They may not know each other, but they have something very much in common. For as long as they can remember, Kwame Baird from New York City and MaryPat Weir of Ramsey, New Jersey have suffered with eczema. The painfully itchy rash disrupted their sleep, and left each of them feeling frustrated and demoralized.
Both are also teachers, who had to get used to answering questions from curious kids about what was wrong with their skin.
For decades, they had used topical steroids and periodic oral steroids. But nothing brought lasting relief.
That changed after they began taking a new medication, upadacitinib (the brand Rinvoq) as part of a clinical trial. The daily pill is among a new class of eczema drugs which recently gained U.S. Food and Drug Administration approval. Dermatologists say the powerful drugs, known as JAK inhibitors, are the most effective medications for atopic dermatitis (or eczema) introduced in decades.
JAK inhibitors block the action of a family of enzymes, Janus kinases (JAKs). These enzymes are involved with messaging on a pathway among immune cells and cytokines, which are molecules that kick off inflammation and itch. By disrupting JAK messaging, the medications suppress cytokines, reducing eczema symptoms.
The FDA approved three JAK inhibitors for eczema: upadacitinib and abrocitinib (Cibinqo), both once-daily pills, and ruxolitinib (Opzelura), a skin cream.
The pills are recommended for people with more severe eczema that is not well-controlled with other oral or injectable eczema medications. Upadacitinib is okayed for adults and children ages 12 and up; abrocitinib is for adults only. The cream is aimed at mild to moderate eczema, and approved for adults and children 12 and up.
Kwame Baird’s Story
Some of Kwame Baird’s earliest memories are of taking oatmeal baths and slathering on lotions and ointments to soothe his painfully itchy skin. “As a kid, I thought it was normal for people to itch or scratch all the time,” says Baird, who’s 39. In middle school, “when I compared my skin to other kids, it was discolored and patchy.” That was when “I started to realize my skin was different,” he says.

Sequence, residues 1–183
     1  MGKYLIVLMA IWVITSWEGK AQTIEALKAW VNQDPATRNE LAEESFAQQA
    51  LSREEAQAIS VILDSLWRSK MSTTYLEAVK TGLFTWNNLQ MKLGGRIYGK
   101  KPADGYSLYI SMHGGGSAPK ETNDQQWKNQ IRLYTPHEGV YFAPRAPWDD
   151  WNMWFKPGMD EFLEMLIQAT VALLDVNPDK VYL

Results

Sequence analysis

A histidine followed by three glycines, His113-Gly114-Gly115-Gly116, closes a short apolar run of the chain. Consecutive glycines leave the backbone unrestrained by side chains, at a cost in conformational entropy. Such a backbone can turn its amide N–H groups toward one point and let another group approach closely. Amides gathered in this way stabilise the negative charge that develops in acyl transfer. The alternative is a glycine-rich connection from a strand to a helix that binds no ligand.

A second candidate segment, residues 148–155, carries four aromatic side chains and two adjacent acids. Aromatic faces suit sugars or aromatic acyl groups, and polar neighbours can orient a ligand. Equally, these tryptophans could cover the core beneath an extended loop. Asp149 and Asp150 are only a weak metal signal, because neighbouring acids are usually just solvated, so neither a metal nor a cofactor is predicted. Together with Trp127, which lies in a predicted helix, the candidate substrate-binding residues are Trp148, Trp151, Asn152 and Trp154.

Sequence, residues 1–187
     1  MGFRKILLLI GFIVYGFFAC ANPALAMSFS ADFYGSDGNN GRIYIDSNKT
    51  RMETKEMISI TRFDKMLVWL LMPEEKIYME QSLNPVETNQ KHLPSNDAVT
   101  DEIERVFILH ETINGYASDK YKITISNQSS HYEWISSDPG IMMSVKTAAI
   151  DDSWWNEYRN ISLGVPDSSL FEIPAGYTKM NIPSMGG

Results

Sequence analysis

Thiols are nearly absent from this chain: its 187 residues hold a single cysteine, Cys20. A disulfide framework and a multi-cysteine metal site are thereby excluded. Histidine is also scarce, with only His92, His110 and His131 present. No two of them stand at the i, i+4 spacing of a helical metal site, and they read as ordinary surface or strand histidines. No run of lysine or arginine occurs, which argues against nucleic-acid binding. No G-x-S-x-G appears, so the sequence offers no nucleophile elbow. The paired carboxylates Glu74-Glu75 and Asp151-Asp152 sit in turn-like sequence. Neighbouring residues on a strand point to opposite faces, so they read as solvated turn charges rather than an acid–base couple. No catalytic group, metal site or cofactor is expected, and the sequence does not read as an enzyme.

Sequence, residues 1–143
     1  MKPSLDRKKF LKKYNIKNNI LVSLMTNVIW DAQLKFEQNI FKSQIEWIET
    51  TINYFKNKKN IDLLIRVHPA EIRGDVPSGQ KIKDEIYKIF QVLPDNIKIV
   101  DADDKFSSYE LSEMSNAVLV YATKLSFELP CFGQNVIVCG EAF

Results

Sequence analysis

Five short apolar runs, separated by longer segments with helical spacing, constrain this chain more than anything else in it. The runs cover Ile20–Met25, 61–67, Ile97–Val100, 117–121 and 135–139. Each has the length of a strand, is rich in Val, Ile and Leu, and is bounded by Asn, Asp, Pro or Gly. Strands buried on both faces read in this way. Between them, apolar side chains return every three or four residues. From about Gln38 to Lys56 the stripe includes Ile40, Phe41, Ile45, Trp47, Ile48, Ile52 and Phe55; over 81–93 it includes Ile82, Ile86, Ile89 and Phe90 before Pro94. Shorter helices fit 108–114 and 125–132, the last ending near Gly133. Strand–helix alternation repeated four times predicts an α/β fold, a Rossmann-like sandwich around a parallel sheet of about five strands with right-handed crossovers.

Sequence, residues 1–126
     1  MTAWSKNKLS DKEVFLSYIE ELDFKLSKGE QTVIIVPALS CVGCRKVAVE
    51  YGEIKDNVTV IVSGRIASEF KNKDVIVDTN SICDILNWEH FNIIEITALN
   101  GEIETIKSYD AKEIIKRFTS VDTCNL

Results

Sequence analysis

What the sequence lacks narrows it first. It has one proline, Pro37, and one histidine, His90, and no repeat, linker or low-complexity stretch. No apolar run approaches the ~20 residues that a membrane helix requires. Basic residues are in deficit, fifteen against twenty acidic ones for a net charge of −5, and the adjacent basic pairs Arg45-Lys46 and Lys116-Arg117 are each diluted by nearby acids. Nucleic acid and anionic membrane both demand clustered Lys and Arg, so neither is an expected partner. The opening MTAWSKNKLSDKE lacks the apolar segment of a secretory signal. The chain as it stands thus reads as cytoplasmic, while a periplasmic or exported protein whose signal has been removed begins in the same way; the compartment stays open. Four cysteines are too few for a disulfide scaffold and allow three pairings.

When he went away to college, Baird’s eczema got worse. He wore gloves at night to try to stop himself from scratching in his sleep and waking up with raw and bleeding skin.
“There were days when I was scratching myself so bad, I could hardly walk from all the aches,” he says. “I carried on like that, itching all the time.”
He sought treatment, but “every doctor would tell me the same thing: ‘Try not to get too dry. Try not to sweat too much. Use a prescription steroid. Don’t use it for too long. Just use it in spots for a couple of weeks and then leave it alone.’”
The pain and itch would improve temporarily, only to come roaring back when he stopped using the creams and oral steroids. Baird enrolled in a clinical trial for an injectable eczema medication, but for him, there was no benefit.
As a father with two young children and a high school English teacher in the Bronx, Baird started worrying about how he would continue to cope with eczema’s misery. As a result of his cracked skin, he got a serious skin infection that sent him to the hospital.
A dermatologist recommended that he enroll in the New York clinical trial for upadacitinib, being led by Dr. Emma Guttman-Yassky, chair of dermatology and immunology at the Icahn School of Medicine at Mount Sinai. After a month on the medication, Baird’s itch was much better. Three months later, he wasn’t itching at all. The bumps and patches on his skin began to clear.
Baird started wearing short sleeves and bright clothes, which he had long avoided because of his flaking skin. “The biggest thing is the mental health,” he says. Freed from the itch, he realized what a burden the condition had been.
“Maybe every once in a while, I feel a little bit of an itch, but it goes away when I put on some cream or lotion.” Being on the JAK inhibitor, “has completely changed my life.”